She's due for a heartbreak, our narrator; Bo couldn't be less of a lesbian if she practiced all night. But the curves of these moments will always be the forms she beats her life's shapes to mirror. Bo, Jeff...shadows whose blackness will define her light places always. 5 stars

The Animal Part talks about the awful way boys away from home make their friendships work. One night's ghost story at camp becomes a bid for freedom from the hard stuff kids must think about, like survival in the pack, like finding an identity. For such a short tale, no more than five hundred words, this brings home our essential difference from females. It doesn't surprise me that Author Parsons has sons. 3.5 stars

"What's worth happening happens in deep woods. Or so my daughter tells me." That's how Foxes starts. This is an amazing story. The story behind its creation, via Publishers Weekly, is one you should know: it's here, someone tell me if there's a paywall please.

Then go back and read "Foxes" again.

The marriage that produced the daughter was between the youthful narrator and an older fool, one with a little bit of money and a lot of crass. They're both people with whom I share nothing but the right to trial by a jury of one's peers. They come from the trailer park, and they're only out of it physically.
(p73)
Whether it's nature or nurture, for people like the fool and me there is a long beat between learning something and knowing it. For us, answers come later, when we're far away from the question, if they come at all.
The narrator's drinking problem didn't stop the fool from leaving, far be it from him to stay and help or, who knows, maybe even fix the problem; and such is his self-absorption that leaving his daughter to our drunken narrator's tender mercies doesn't turn a gray hair on his scalp. The teachers and the shrinks all agree that the child's darkness is to be accepted if not encouraged, as she tries to make sense of her new world.
(p81)
In the deepest, darkest woods, the knight cuts out a man's liver and tosses it to a fox. He cuts off two ears. Fox. Fox. He rips out a larnix as a snack for a wolf. Two larnixes!

"I believe it's pronounced larynx," I say gently, refilling my glass.
But in the end, what's the poor kid to do? Her daddy's somewhere else and not coming back and mama's not what you'd call all there either.
(p89)
Very soon, he'll be dead in a painful, mundane way–a ruptured this, a burst that–and even more funds will arrive. How noble of him to provide such a hefty inheritance! I'm still working out that last part–right now it's more wish than plausible ending.
There's really not much sign of a life raft here; no wonder it took twelve years for the author to write it. She says, in the PW article linked above, of her process in writing "Foxes":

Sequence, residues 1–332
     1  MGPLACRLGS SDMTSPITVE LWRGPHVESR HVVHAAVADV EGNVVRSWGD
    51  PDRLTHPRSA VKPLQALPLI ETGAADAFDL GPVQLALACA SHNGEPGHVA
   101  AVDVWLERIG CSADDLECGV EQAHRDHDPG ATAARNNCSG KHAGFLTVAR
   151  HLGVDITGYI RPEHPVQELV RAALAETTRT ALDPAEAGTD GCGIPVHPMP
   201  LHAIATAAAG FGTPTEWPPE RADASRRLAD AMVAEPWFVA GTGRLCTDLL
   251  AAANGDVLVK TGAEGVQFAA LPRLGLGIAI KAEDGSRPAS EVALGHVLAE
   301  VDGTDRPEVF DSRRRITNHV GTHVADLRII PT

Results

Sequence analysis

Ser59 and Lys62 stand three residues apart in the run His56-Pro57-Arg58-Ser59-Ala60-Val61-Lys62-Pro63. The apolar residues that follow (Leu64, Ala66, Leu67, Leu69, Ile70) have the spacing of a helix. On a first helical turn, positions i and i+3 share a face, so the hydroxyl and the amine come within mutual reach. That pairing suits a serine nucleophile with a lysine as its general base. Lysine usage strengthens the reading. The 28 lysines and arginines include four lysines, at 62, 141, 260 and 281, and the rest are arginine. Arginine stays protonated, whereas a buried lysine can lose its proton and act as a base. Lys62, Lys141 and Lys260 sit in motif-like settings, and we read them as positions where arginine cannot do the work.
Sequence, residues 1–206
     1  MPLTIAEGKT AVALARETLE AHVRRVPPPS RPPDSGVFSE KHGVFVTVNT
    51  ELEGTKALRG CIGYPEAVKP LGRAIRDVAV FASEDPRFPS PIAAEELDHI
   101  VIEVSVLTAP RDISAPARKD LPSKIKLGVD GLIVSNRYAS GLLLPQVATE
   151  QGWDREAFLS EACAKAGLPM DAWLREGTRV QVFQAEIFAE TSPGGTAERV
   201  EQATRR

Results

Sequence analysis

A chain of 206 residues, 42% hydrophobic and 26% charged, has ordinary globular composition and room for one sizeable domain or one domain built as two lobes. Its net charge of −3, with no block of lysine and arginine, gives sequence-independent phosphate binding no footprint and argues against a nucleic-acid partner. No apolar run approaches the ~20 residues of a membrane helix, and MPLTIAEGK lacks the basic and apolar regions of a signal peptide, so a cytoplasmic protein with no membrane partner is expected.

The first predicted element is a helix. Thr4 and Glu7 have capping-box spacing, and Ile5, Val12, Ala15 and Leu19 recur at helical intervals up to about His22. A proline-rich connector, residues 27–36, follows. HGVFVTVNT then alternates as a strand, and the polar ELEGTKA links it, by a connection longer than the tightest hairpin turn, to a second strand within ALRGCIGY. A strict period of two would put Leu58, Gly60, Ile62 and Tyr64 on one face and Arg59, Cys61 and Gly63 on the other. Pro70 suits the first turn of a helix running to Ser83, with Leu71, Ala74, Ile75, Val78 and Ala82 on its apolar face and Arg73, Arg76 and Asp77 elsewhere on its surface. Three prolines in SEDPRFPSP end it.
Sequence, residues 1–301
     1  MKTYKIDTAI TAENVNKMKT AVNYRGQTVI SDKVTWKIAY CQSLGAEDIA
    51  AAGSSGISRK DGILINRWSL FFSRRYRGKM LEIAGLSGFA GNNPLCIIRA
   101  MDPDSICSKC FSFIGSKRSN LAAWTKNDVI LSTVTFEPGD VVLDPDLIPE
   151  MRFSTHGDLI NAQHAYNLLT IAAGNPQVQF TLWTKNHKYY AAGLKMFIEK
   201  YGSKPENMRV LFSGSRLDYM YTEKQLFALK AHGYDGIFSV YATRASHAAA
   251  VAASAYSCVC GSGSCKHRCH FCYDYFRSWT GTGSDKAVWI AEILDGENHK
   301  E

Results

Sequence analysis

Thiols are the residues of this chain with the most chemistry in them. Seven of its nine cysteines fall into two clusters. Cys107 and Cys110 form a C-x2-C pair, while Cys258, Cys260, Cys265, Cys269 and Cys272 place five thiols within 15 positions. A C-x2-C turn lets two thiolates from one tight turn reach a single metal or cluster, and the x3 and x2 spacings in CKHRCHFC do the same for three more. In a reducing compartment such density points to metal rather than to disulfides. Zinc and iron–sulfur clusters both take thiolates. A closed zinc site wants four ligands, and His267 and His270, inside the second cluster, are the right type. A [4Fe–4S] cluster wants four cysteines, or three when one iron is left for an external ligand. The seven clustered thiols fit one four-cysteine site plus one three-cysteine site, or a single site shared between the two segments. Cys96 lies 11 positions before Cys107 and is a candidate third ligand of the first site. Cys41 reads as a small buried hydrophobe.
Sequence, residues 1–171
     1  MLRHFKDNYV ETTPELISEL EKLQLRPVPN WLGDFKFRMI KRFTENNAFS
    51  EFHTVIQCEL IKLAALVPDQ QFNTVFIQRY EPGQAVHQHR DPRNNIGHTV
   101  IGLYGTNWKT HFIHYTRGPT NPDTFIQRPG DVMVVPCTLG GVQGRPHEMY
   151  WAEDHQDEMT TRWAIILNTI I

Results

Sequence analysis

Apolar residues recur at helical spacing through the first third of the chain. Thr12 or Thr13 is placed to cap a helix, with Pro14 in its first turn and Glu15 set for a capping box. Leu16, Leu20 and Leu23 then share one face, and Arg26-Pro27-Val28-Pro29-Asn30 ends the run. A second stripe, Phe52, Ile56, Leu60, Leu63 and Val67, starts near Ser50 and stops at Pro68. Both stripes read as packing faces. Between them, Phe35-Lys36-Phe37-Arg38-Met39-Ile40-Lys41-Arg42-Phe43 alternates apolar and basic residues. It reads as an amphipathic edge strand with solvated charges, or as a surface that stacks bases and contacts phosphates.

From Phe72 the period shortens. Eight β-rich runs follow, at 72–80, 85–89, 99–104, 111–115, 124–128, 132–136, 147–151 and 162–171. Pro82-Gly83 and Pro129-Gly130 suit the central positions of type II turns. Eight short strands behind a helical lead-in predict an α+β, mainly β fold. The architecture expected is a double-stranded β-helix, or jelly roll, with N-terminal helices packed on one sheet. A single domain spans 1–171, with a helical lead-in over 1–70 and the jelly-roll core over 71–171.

Finding my way into voice is always the part that takes me the longest, but usually once I’m there, the story comes in a steady reveal. “Foxes” was different–it stayed murky at every turn.
Plumbing that murk is at the heart of the stories Author Parsons looks to tell, or for sure the ones she looks to tell us here. It is a damnably tough job to reach that far inside and pull out anything that someone else wants to see. 5 stars

The Soft No does a lot to humanize Lubbock! Not. It's as bleak as any other wide-open space is, at least to those whose souls don't belong there; like Donna, the soft-no mom of the title. She's lost. She's actually home-bound by her sadness and her depression. It's not in the least bit a startling or new story. But it's very prettily told by a child just realizing that she must escape, she can not survive if she lets this "home" make her life into this miserable slog of thing that's destroyed her mother:
This dumb town is known for two things only: the Buddy Holly statue by the strip mall and the big, big sky. I hate that stupid statue—just seeing it sticks the whiniest songs in your head, makes you think of creepy, old-timey ghosts...The sky is all right, streaked pink and orange, but it's more like a lid than a promise. We're nowhere. If you wanted to leave you'd be driving forever, not toward anything, just away.
Don't kid yourself. Ten pages is enough to know how deep the water of life can recede yet leave bodies in their millions making nothing of their space in time. 5 stars

We Don't Come Natural to It is the saddest story yet: the longing of the left-out for belonging, being present in a way that matters to someone. The desperate denial of the body's needs, the equally desperate sensual overload of too much yes where it's hurtful and too much hurt where it's tender. The brisket-eating scene will break your heart. There isn't enough space in the Big City for all the nothing that the narrator, super-fat-shamer extraordinaire, needs:
Where I'm from, falling asleep is easy. You can hear your eyelashes swipe the pillow. There's so much nothing pouring in, you drift off listening to your choice.
The less there is of her self-starved body, the more she needs to have room, to carve space out of whatever is near and use the hole as proof she exists. 4 stars